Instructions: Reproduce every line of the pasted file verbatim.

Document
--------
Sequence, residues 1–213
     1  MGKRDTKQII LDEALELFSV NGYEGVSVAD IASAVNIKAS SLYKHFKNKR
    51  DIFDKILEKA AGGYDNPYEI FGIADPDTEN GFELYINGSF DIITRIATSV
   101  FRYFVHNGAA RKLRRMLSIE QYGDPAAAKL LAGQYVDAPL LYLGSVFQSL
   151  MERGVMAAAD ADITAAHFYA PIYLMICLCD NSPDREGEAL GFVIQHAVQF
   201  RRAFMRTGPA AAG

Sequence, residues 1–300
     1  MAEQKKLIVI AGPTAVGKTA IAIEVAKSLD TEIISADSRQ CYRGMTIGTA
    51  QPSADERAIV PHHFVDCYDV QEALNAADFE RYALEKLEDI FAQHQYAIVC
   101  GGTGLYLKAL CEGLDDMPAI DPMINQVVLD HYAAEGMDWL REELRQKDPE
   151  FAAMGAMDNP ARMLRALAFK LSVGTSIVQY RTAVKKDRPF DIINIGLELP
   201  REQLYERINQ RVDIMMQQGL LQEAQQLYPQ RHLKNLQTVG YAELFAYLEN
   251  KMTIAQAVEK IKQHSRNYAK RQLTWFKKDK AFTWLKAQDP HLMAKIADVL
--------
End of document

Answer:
Sequence, residues 1–213
     1  MGKRDTKQII LDEALELFSV NGYEGVSVAD IASAVNIKAS SLYKHFKNKR
    51  DIFDKILEKA AGGYDNPYEI FGIADPDTEN GFELYINGSF DIITRIATSV
   101  FRYFVHNGAA RKLRRMLSIE QYGDPAAAKL LAGQYVDAPL LYLGSVFQSL
   151  MERGVMAAAD ADITAAHFYA PIYLMICLCD NSPDREGEAL GFVIQHAVQF
   201  RRAFMRTGPA AAG

Sequence, residues 1–300
     1  MAEQKKLIVI AGPTAVGKTA IAIEVAKSLD TEIISADSRQ CYRGMTIGTA
    51  QPSADERAIV PHHFVDCYDV QEALNAADFE RYALEKLEDI FAQHQYAIVC
   101  GGTGLYLKAL CEGLDDMPAI DPMINQVVLD HYAAEGMDWL REELRQKDPE
   151  FAAMGAMDNP ARMLRALAFK LSVGTSIVQY RTAVKKDRPF DIINIGLELP
   201  REQLYERINQ RVDIMMQQGL LQEAQQLYPQ RHLKNLQTVG YAELFAYLEN
   251  KMTIAQAVEK IKQHSRNYAK RQLTWFKKDK AFTWLKAQDP HLMAKIADVL